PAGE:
Use a “Carrot and a Stick” Approach to Leverage Business Across Multiple Markets
Today’s competitive business environment is no longer about simply being successful in an isolated part of the market. Successful businesses will no longer be able to focus solely on their primary industries. The new game is one of competition across different markets.
What good companies do today is find and access points of strategic control in one industry that can be leveraged across multiple, interconnected value chains — or the “competitive ecosystem.” This important strategy utilizes a “Carrot and Stick” approach.
The “Carrot” refers to the concept of aligning upstream and downstream incentives — those of suppliers and customers — to be compatible with your own. It involves setting up your entire value chain and customer-incentive structure so that it’s in their best interests to do what’s in your best interest.
The “Stick” represents a strategic control point within a part of a market that, if controlled by one party, can be leveraged for greater margins. This can be in the supply chain, a related business, or even in an unrelated market.
An early example of a strategic control point was when, during the Industrial Revolution, Vanderbilt owned the only rail bridge in and out of New York City — the gateway to the country’s largest port. Without access to the bridge, every other railroad was effectively shut off from the port. Ownership of the bridge was a crucial strategic control point that allowed Vanderbilt to dominate the railroad market.
When firms do an exceptional job of aligning vertical incentives (the Carrot) and utilizing strategic control points (the Stick), they win in today’s hypercompetitive business market. Research shows that such companies’ Earnings Before Interest, Taxes and Amortization (EBITA) more than doubled from 2009 to 2016 (with almost 70 percent share price appreciation).
Utilize these Carrot and Stick concepts to provide unique competitive advantages for you and your organization:
- Extend from industries to ecosystems. Today, industries are often interconnected in ways we’ve never before seen. It’s become an ecosystem that allows for competitive advantages and avenues for growth into adjacent markets. For example, Local Motors, a company that additively manufactures (3D prints) automobiles, has developed a 3d printing platform with a wide range of interconnecting value chains and interconnected industries. Local Motor’s capabilities in designing, building and selling 3D-printed automobiles can be leveraged into countless manufacturing applications, industries and industry value chains. Indeed, Local Motors is producing 3D-printed microwave ovens for GE, helping Airbus create revolutionary part supply networks, and more.
- Find points of leverage in a value chain. Find an area in short supply, where competition is low, or where barriers to entry are high and you may be able to exploit these for superior margin. Look for situations where, if your firm controls certain capabilities, it prevents (or makes it difficult for) others to compete. Note that while competitive advantages often result in an arms race where you need to continuously work to stay one step ahead of the competition, a point of strategic control is often enduring and considerably more powerful. An example is a pharmaceutical with a patent, such as Pfizer’s patent on Viagra when it first came to market.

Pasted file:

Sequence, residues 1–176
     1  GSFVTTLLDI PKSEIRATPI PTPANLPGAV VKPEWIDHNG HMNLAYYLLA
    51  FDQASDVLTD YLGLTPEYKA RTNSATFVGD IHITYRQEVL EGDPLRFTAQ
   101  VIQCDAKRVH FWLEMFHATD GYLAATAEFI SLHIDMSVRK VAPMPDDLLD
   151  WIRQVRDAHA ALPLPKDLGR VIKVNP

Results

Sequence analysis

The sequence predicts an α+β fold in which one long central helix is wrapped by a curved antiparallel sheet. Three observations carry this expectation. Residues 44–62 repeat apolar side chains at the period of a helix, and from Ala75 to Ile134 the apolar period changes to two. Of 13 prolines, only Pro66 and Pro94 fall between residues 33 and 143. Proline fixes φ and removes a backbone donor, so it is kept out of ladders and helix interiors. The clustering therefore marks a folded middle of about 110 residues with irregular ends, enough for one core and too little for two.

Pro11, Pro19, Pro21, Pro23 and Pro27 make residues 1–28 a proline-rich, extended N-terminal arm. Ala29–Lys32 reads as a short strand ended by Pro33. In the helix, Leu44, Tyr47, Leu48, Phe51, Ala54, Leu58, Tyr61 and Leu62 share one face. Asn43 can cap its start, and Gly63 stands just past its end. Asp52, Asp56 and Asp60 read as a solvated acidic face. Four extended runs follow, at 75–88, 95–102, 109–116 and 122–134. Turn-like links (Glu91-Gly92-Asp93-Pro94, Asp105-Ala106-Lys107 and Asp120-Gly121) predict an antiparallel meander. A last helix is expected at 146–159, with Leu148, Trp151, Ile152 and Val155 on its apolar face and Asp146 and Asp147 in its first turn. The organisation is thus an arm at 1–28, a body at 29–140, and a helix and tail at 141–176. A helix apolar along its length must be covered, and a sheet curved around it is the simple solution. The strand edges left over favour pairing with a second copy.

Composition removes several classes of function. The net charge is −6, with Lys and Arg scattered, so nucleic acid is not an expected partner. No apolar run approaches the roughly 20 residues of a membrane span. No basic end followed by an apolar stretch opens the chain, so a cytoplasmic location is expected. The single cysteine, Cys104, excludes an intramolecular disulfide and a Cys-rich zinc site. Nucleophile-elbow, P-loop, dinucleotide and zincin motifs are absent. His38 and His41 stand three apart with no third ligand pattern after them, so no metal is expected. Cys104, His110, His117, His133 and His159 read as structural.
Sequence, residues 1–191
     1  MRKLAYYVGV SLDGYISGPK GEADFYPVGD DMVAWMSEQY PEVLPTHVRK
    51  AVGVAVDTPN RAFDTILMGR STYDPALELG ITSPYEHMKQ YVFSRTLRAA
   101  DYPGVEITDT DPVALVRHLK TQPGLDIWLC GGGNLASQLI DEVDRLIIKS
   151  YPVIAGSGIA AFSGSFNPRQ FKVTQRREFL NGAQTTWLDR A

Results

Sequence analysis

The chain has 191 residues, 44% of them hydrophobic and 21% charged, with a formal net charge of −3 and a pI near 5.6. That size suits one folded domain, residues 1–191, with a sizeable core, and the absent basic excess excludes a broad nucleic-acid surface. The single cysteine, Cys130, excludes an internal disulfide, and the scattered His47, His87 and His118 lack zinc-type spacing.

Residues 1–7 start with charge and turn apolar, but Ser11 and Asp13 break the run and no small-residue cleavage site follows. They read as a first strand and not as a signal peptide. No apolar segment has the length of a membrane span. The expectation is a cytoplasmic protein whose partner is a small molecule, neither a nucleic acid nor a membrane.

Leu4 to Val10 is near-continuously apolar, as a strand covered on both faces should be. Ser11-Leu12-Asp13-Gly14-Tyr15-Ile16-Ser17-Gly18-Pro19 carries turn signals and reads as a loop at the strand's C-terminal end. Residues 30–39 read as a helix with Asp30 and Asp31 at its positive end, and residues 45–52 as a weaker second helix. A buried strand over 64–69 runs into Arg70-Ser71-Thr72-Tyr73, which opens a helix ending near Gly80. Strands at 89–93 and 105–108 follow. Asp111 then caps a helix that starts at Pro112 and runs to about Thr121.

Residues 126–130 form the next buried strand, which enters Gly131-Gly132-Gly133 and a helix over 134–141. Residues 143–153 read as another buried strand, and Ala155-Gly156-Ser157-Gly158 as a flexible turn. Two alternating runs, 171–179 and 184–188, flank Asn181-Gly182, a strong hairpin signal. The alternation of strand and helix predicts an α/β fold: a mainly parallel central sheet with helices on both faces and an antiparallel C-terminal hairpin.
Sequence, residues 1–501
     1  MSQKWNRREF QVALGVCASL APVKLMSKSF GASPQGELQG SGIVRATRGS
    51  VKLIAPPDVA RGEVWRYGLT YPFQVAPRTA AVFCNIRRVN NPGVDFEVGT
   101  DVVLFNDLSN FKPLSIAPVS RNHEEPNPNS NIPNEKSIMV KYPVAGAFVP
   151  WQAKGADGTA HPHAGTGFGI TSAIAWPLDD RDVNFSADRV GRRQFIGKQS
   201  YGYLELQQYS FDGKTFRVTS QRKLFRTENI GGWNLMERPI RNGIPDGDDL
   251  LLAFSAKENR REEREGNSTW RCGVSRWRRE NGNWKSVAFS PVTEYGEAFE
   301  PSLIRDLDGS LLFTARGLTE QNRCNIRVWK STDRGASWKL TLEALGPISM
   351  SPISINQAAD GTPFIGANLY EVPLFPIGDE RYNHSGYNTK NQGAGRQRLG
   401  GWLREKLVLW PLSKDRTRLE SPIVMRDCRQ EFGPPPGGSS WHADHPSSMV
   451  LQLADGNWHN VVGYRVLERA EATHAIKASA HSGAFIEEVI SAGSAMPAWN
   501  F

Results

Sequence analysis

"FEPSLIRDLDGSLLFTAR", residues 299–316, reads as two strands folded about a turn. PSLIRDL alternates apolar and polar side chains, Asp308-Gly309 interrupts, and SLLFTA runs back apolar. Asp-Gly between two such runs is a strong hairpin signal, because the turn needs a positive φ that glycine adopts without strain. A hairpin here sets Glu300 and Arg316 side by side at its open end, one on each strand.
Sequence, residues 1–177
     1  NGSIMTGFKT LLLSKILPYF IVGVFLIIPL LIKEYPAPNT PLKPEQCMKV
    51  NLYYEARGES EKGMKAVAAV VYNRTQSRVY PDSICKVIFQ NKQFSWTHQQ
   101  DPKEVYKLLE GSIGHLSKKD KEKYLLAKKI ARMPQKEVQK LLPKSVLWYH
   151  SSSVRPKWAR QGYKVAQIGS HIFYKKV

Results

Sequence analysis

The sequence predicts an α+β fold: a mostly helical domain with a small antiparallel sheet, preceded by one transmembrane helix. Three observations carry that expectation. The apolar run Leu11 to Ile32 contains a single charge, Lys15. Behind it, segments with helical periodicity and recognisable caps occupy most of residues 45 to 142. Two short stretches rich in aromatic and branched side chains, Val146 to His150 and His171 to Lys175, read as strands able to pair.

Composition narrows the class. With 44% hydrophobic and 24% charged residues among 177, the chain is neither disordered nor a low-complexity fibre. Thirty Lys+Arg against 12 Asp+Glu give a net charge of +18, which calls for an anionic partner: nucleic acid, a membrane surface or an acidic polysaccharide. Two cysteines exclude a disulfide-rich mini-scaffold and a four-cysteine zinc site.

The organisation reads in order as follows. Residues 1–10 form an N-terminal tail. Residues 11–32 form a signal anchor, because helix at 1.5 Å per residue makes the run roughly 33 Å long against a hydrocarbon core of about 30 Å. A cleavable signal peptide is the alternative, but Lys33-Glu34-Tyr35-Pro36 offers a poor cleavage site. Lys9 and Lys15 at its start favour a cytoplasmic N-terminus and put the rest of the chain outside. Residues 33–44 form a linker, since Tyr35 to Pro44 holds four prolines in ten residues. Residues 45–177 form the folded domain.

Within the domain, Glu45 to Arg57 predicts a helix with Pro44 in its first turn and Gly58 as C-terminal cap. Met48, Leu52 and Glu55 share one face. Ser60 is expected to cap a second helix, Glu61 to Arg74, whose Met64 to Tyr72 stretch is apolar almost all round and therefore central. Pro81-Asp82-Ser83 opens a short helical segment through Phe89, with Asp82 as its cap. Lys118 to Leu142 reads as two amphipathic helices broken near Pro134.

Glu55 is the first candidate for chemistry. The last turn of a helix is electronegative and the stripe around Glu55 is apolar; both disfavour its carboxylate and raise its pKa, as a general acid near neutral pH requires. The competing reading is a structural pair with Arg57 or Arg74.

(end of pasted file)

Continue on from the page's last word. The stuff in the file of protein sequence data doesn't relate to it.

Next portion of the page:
- Align incentives among separate parties. When looking for a point of strategic control, the supply of critical input to another party can be a potential source. Today, information is a prevalent access point, thanks to Cloud-based interconnectivity (the Internet of Things). For example, in the wind-energy industry, a few ingenious companies are installing sensors in windmills to detect motor failure, allowing its partnering windmill manufacturing firms to dispatch repair teams before the motors fail. Those installing the sensors own exclusive access to the data generated, and they leverage it by selling maintenance contracts to the manufacturers or farm owners. Because the manufacturers can’t efficiently do this themselves, this is a win-win scenario that maximizes windmill up time and provides peak efficiency, while ensuring success for all partners.
- Decide where to compete before deciding how to compete. Good companies today are able to leverage strength in one market to their competitive advantage in another. The key is finding a direct connection between your unique capabilities in your core market and a critical strategic control point in another. Think of Amazon taking its supply chain expertise into multiple markets.
The identification of these opportunities is key in the interconnected business environment of today. It essentially represents the difference between success and failure.
Written by Dr. William Putsis.
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